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Moringa peregrina

Moringa peregrina
Photo Information
Copyright: Ori Fragman Sapir (fragman) Gold Star Critiquer/Silver Workshop Editor/Gold Note Writer [C: 3028 W: 11 N: 2351] (43668)
Genre: Plants
Medium: Color
Date Taken: 2007-06-15
Categories: Trees
Exposure: f/16, 1/320 seconds
More Photo Info: [view]
Photo Version: Original Version
Date Submitted: 2007-06-30 0:50
Viewed: 6754
Points: 10
[Note Guidelines] Photographer's Note
This leaflet tree grows in E Africa, reaching its northern range in Israel, wehre this pic was taken. As u can see it has huge fruit pods. The flowers open in spring time, they are white and scented. Recently the natural authorities incourage the use of this tree in gardens, to back up the very few wild populations.

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To BillyGoat: thanksfragman 1 07-01 11:06
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Hi Ori,
this is an interesting tree ,it reminds me of one that was similar growing in my old home in Ontario Canada.That tree had many nasty thorns on it however.You have good colour,focus and depth of field.The only distraction is the streetlamp however.Tfs. Bob

Hi Ori,
Unusual tree you photographed If you could not get the whole tree perhaps you could have concentrated on the lowest branch showing and zoomed in closer to give a more detailed look of the pods.
Just my opinion of course.

  • Great 
  • runa Silver Note Writer [C: 4 W: 0 N: 11] (46)
  • [2007-07-01 9:54]

Hi, Ori

Nice images. Very interested tree


Interesting tree Ori. Is the fruit witihn edible?

Superb photo of this flower. Love the strong with the green colours!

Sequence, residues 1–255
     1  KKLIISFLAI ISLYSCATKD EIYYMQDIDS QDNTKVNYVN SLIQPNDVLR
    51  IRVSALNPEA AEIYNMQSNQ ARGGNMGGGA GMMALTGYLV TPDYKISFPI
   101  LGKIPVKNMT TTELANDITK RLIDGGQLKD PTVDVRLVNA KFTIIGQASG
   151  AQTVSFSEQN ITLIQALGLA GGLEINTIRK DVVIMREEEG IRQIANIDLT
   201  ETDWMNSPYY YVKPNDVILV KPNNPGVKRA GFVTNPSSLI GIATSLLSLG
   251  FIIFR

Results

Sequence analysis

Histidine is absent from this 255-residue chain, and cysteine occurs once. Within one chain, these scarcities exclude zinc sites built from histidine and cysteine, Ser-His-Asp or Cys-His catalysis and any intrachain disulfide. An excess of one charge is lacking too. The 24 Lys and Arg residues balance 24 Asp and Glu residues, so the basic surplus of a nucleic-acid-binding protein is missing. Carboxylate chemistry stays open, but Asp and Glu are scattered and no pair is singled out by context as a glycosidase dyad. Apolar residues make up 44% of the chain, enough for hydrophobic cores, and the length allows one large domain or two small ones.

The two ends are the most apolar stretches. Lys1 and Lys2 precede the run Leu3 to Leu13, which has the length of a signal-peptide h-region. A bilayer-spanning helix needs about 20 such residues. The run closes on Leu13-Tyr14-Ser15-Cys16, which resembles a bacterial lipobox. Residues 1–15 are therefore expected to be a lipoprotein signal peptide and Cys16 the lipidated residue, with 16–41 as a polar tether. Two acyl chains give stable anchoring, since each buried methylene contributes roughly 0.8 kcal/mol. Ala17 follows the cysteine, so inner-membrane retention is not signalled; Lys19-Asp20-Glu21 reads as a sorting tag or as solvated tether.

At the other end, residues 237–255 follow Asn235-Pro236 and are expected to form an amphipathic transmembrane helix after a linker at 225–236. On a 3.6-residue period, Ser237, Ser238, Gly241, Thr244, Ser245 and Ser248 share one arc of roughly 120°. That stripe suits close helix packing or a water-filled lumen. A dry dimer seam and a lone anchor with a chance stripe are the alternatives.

Best wishes,

The fruit of another Moringa species, Moringa oleifera, are edible when young, and the foliage is incredibly nutritious. It originates in India. Moringa peregrina is known for the oil extracted from the seeds, which is said to have been a sacred oil in ancient times. The tuber of the plant is roasted and eaten in the southern arabian peninsula.

Actually many people in the country rely on the indigenous medicinal plants for their health needs. The depletion of natural wild medicinal flora is considered a continuous threat. For "Moringa species" Al-Kahtani (1995) reported that some M. peregrina products were higher in phytic acid and lower in chlorogenic acid than soy bean. Tannin was low in all samples of Moringa species. In vitro protein digestibility was slightly lower for M. peregrina than for that of soybean. Al-Kahtani and Abou-Arab (1993) reported that the young seeds of M. peregrina are eaten like peas and the mature seeds are fried or roasted like groundnuts. Moringa peregrina flour contained more oil than soybean flour, whereas protein isolates had higher protein and lower carbohydrate levels than those of soybeans. Potassium and sodium were the predominant minerals in M. peregrina flour. These data may provide a good indication of the possibility of utilizing this endemic species in a larger scale.

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